I have been working on learning as much as I can before starting college to change my career, and I noticed on the w3schools site that there is now html and html 5, css and css 3. Do I need to go back and learn those newer languages before moving onto PHP and MySQL?

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    Which languages and skillsets do you have? Which career are you changing to, and from? – blueberryfields Mar 2 '11 at 21:56
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    I think that learning HTML5 won't be as time consuming as learning HTML from scratch, since you already know HTML4, same goes for CSS – Mahmoud Hossam Mar 2 '11 at 21:57
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    w3fools.com – Oded Mar 2 '11 at 22:14
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    @Oded: I share that link to almost every one who mentions w3schools. I don't preach, but I do let them know about the other side of the coin and let them make their mind. – Sergio Mar 2 '11 at 22:50
  • what language to learn next is off-topic per site FAQ – gnat Apr 11 '13 at 10:11

What do you mean by go back? Are you going to use them? If so, you should never stop learning.

For any language that you are using actively there is no point at which you should consider yourself "done" learning. Learning new changes in a language, as with any part of the language, is a continuous process, not a milestone.

If PHP/MySQL are your focus then learn those now. If CSS/HTML are also going to be a focus then also learn HTML5, CSS3 now (they are neither dependent on nor prerequisites of each other).

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    +1 for never stop learning – HorusKol Mar 2 '11 at 22:43

I would encourage you to take an hour and learn the new doctype and semantic tags, like <header>, <nav>, <article>, and <section>. Your PHP will output HTML, and you'll be better off if all your code produces semantic HTML from the start.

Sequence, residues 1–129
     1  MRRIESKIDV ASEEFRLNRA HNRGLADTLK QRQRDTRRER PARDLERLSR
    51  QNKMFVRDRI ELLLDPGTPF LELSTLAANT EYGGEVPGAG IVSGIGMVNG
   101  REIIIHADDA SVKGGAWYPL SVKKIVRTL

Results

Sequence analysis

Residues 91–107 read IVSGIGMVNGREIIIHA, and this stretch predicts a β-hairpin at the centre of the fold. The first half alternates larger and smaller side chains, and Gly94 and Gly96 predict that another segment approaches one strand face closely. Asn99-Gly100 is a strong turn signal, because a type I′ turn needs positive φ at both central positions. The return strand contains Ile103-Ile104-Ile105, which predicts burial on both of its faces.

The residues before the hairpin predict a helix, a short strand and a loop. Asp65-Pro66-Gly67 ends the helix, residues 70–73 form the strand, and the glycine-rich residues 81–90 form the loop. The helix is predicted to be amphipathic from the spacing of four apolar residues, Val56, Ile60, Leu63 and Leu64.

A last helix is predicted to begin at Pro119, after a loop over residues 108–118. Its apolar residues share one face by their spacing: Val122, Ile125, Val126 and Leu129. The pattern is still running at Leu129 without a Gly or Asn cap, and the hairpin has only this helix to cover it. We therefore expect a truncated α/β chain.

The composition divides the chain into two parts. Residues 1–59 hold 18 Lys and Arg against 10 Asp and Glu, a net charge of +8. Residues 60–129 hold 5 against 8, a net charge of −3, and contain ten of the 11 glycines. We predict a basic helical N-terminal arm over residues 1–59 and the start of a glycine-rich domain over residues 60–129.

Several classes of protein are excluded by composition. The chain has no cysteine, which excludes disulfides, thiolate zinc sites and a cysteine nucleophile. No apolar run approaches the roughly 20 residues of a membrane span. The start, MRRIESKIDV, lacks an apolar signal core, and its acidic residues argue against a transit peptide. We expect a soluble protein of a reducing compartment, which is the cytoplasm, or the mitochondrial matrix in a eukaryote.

If you have another 1-2 hours to spare, you should look into HTML5 forms. It's not complicated, and it can help you make your interface much more usable with minimal effort.

You can delay learning CSS3, if you can focus on content, and not worry about presentation, while playing with PHP. I start by coding up my backend and my HTML, then I add the CSS later. So you should be able to learn CSS3 later, and come back and make your sites pretty.

You can put off for later the fancier stuff that's also called HTML5 -- canvas, geolocation, history, local storage, web sockets, webgl. They can make your interface better, but have lower returns on investment than the semantic tags or forms.

The following covers semantic forms and semantic tags reasonably well. http://6.470.scripts.mit.edu/2011/lectures/html5_css3/html/all.html


Do I need to go back and learn those newer languages before moving onto PHP and MySQL?

Do you need to learn them right now? No. It would probably be a good idea eventually to go back and see what has changed though. It will be a while before many companies switch over to using it, but it will eventually happen. You do not need to know them to learn PHP or MySQL though. In my opinion learning those will get you more bang for you buck than HTML 5 and CSS 3 since it sounds like you are just starting out.


Learning HTML5 and CSS3 doesn't mean you have to go back.

The HTML5 specification has been specifically written so that you can slowly integrate it into an existing HTML4 design. This means that you can simply start by placing the new HTML5 doctype at the top of your page. Then, you can replace sections of your content with relevant tags/elements.

Start incorporating it as you learn other things


I don't like this term "go back" - it implies that you've somehow missed something. Learning is a constant process - you don't miss things, you simply learn them later on. If you approach software engineering in the manner that you always need to be on the bleeding edge, you'll spend all your time learning about new frameworks and never building anything.

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